Error vs mistake — есть ли разница?

Я задала этот вопрос своему другу Дэвиду, вот что он ответил:

«Error» означает, что что-то вышло не так.
«Mistake» означает, что кто-то виноват в этом.

Есть еще такие слова как:

«Flaw» недостаток, изъян.
«Fault» вина человека.

The words error and mistake are very similar and in most case, either could be used.

There are a few differences though.

If a computer program doesn’t work, it produces an error, not a mistake.

One thought on “Error vs mistake — есть ли разница?

  1. For a more complete definition, see this web page —

    Eric Hahn, studied at MBA in Marketing

    I think they are fairly synonymous.
    I don’t think intent has anything to do with it.
    Mistake is the more common choice when dealing with decisions or in referring to humans.
    Error tends to be used in referring to more inanimate events, like a math error.

    Mistake используется при решении решений или при обращении к людям.
    Error как правило, используется для обращения к более неживым событиям, например, к математической ошибке.

    Waqas Ahmed, All that glitter is not gold.

    Mistake is something if you have commit something wrong and after go through again you realise it or figure it out what you have done wrong is called mistake.
    Where as in same context as above, if you don’t realise what you have done wrong that it will be called error.

    Brian Dlamini, Director ICT at Swaziland Public Procurement Agency (2014-present)

    I actually make a few or so but correct them when I spot them…well er this is embarrassing….I actually made one a few days ago when I meant to call

    David Greenspan, Word lover

    There is some overlap in these terms, which both refer to a «wrong» action — for example, a problem gotten wrong on an exam could be called an error or a mistake — but there are also significant differences in usage and connotation.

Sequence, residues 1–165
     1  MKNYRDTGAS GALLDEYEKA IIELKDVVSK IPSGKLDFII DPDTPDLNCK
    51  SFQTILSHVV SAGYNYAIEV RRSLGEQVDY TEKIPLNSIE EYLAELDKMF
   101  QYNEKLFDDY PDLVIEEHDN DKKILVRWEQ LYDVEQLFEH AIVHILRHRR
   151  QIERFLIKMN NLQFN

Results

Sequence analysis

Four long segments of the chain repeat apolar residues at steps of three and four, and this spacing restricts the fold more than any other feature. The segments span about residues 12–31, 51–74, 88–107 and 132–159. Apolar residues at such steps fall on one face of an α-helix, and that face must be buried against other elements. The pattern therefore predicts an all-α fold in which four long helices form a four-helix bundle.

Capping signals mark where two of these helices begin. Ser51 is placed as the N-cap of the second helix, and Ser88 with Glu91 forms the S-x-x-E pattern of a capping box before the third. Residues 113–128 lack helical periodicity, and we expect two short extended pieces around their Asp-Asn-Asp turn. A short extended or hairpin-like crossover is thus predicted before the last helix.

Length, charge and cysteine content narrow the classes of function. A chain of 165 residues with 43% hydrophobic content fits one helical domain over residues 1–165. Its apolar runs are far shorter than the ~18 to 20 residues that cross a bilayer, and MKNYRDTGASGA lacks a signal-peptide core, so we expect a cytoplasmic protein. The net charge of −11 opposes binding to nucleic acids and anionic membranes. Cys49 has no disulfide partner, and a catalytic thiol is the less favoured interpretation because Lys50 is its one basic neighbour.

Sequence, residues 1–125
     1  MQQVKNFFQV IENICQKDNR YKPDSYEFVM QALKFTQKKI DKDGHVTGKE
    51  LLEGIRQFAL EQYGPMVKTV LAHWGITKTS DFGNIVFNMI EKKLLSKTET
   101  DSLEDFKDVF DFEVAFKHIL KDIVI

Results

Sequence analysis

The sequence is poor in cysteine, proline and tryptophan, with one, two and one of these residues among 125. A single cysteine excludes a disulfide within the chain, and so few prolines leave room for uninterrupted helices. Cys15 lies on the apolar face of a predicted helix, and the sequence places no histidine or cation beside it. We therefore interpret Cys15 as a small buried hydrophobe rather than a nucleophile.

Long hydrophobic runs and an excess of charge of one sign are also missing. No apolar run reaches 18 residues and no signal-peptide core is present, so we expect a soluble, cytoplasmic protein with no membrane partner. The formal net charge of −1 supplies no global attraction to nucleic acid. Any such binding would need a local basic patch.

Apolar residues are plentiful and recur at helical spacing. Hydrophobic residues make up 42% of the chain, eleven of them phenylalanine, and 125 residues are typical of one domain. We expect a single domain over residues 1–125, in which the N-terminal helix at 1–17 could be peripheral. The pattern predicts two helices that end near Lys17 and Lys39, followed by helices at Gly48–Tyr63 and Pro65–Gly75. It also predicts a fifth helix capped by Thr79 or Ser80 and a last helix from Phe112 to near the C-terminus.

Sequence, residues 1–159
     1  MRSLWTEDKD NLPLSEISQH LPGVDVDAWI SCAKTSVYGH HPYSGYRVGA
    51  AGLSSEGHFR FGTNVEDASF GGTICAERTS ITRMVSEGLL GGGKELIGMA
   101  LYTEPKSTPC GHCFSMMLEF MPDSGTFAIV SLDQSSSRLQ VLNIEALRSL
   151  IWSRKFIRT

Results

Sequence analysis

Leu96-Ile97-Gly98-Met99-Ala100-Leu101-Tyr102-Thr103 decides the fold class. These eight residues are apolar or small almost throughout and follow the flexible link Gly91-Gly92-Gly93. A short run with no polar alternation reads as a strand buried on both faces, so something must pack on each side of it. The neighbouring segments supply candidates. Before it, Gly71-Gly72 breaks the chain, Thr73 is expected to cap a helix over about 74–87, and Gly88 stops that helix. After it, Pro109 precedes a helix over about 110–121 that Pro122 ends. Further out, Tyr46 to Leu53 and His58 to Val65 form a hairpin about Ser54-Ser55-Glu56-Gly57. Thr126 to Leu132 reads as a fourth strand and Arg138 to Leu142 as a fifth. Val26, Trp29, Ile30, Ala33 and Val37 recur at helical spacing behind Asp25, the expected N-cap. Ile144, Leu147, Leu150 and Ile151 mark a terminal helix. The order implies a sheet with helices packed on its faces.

A mistake, generally speaking, is a choice that turns out to be wrong. It could be something you decide to do on your own initiative that you later regret:

    — «You’re making a mistake — you’ll regret this!»
    — «Coming here was a mistake — this trip has been a waste of my time.»
    — «Don’t feel bad, everyone makes mistakes.»

    … or a misidentification or miscalculation where a wrong answer is produced:

    — «I thought it was her, but I was mistaken.»
    — «That can’t be his fingerprints, the computer must have made a mistake!»
    — «I made a mistake on problem 3.»

    A mistake is wrong because the outcome is found to be wrong. Mistakes are made when a free choice is made, and later called «mistakes» when they score badly in the context of the goal of determining a particular answer, or else they simply turn out to be bad choices in some later assessment.

    Errors, on the other hand, are made with reference to some ideal code, model, or set of rules that would have dictated a different action. The action was wrong because it was different from the «right» or normal one under the circumstances.

    Error is a more formal word and has various technical meanings:

    — In sports, particular rules violations are «errors.» A «mistake» would be the coach or the referee making a poor strategic decision or a wrong call.

    — Computers produce «errors» when they aren’t able to perform some step as programmed, such as connecting to the Internet or saving a file. Computers make mistakes only by spitting out the wrong answer to a question. (We don’t consider computers to originate actions willfully and be held accountable for them, except in humorous personification, so we would only jokingly say, «The computer made a big mistake by not saving my file.» However, we could completely seriously say, «The airport computer made a mistake in calling me Davidmr Greenspan,» because it is stating a wrong fact.)

    — In science, «experimental error» is the completely normal and expected deviation of the measurements from the theory. Measurements are never perfect; they always contain «error» due to imperfect conditions, instruments, and models, and the question is only whether the error matches expectations in its size and nature. A «mistake,» on the other hand, could be any wrong step by the experimenters, particularly a wrong choice in experimental set-up, or else a miscalculation or misidentification, especially if it leads to a wrong conclusion.

    To confuse matters a little, any mistake that occurs in the context of a formal process held to a clear standard can be called an error in something: an error in judgment, a calculation error, an error in experimental set-up. We assume for the sake of the phrase that calculation and even experimental set-ups are tightly governed by known procedures.

    An «error in judgment» is typically a moral or ethical lapse, precisely because it implies there is some code governing the judgment in question. Similarly, «to err» in the oldest and grandest sense is literally to stray from the righteous path.

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